Asian Insider

Goa banks on Covid-19 vaccinations to help it restart tourism

Goa is cautiously reopening to domestic tourism in time for peak season. The state is heavily dependent on tourism and residents have been desperate for the arrival of overseas visitors.

ARAMBOL, GOA - The pink flag flutters atop a fisherman's boat in the late afternoon breeze blowing in from the Arabian Sea at Arambol.

"Pray for us," it reads, adorned with beatific images of the Virgin Mary.

It is also a plea that is on innkeeper Inacio Daniel D'Souza's T-shirt.


The flag on a fishing boat with the words "Pray for us" on a beach in Arambol, Goa. ST PHOTO: DEBARSHI DASGUPTA

As Goa cautiously reopens to domestic tourism in time for the peak season beginning this month, the 65-year-old Roman Catholic, like many others heavily dependent on tourism, is desperate for the arrival of overseas visitors, for whom entry to India has been banned since March last year, when the Covid-19 pandemic set in.

This forced Mr D'Souza to shut his eight-room guest house in Arambol, which relied on foreign tourists.

With little income since then and mounting loans, prayers have kept him going.

"I will say 'thank you, God' if the government lets in foreign tourists," he said, seated under a constellation of statues of Jesus Christ and Mother Mary on his lavender living room wall.

"We will be at least able to survive somehow."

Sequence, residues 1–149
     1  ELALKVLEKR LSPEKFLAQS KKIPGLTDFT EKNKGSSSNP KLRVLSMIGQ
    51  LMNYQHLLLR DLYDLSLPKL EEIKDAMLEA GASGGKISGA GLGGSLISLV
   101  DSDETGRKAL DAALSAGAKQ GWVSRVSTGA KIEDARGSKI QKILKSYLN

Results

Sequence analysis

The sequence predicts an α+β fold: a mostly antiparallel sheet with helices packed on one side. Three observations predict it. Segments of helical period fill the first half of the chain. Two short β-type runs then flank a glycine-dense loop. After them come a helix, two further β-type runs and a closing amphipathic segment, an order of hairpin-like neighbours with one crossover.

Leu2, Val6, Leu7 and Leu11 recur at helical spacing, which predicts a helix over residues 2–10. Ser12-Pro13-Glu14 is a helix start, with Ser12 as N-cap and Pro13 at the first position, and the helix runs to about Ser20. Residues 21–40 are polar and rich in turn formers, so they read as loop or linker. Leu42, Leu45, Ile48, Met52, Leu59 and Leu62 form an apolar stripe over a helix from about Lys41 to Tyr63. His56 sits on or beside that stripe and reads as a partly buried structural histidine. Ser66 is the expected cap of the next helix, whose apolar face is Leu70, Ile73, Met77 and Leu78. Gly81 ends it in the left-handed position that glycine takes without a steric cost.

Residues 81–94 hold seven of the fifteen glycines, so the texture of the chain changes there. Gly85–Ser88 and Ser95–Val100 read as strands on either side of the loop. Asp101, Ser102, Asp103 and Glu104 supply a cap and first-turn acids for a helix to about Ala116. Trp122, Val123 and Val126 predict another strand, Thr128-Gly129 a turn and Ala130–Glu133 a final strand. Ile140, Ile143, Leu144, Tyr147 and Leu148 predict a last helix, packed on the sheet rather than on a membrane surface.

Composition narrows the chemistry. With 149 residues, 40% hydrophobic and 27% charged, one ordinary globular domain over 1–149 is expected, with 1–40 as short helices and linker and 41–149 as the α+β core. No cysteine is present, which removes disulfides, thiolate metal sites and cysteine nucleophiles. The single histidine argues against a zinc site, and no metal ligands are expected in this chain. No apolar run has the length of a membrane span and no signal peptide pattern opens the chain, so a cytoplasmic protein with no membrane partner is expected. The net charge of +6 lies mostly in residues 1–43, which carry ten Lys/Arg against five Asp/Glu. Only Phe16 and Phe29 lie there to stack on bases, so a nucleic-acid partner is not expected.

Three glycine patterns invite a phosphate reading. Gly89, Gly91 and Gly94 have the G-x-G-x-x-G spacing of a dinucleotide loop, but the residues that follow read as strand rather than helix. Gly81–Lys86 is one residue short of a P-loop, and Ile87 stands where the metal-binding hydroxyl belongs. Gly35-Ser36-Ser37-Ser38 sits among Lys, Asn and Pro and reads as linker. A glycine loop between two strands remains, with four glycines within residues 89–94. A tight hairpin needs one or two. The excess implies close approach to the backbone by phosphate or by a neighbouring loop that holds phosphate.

Fewer tourists

One of the world's top tourism destinations, Goa, a western Indian state, hosted more than 7.12 million domestic and 937,000 foreign tourists in 2019.

The pandemic put an end to that, pummelling the livelihoods of about 40 per cent of the state's population as losses estimated at more than $1.8 billion piled up.

The number of relatively fewer tourists in Goa's iconic Sinquerim beach on Monday (Sept 27) is a reminder of just how fraught the path to recovery is for the tourism industry.

Memories of the calamitous second wave in April and May this year are still raw, and the fear of a crippling third lockdown always lurks in the background.

But there are tender signs of recovery too, with the arrival of more domestic tourists to Goa since September.

Tourists were drawn to the state for its gorgeous beaches as well as unique Indo-Portuguese heritage, such as this 16th century Our Lady of the Immaculate Conception Church in Panaji.


Besides beaches, Goa is known for its historic churches built by its Portuguese colonial rulers, such as this 16th century Our Lady of the Immaculate Conception Church in Panaji. ST PHOTO: DEBARSHI DASGUPTA

The glittering casinos on Panaji's riverfront indicate this revival. Allowed to resume business on Sept 20, after being shut for nearly five months since April, Majestic Pride Casino has recovered more than 65 per cent of its pre-Covid-19 footfall of domestic tourists.

"Within a month, we are hopeful of achieving or we are very optimistic of achieving the pre-Covid levels," said Mr Shrinivas Nayak, the director of Majestic Pride Casino.

Expectations notwithstanding, Goa is not being reckless about reopening.

Incoming Indian travellers need to show a full vaccination certificate or a negative Covid-19 report on entry, and large-scale events such as Sunburn, a three-day popular music festival that draws hundreds of thousands of visitors, are still not allowed.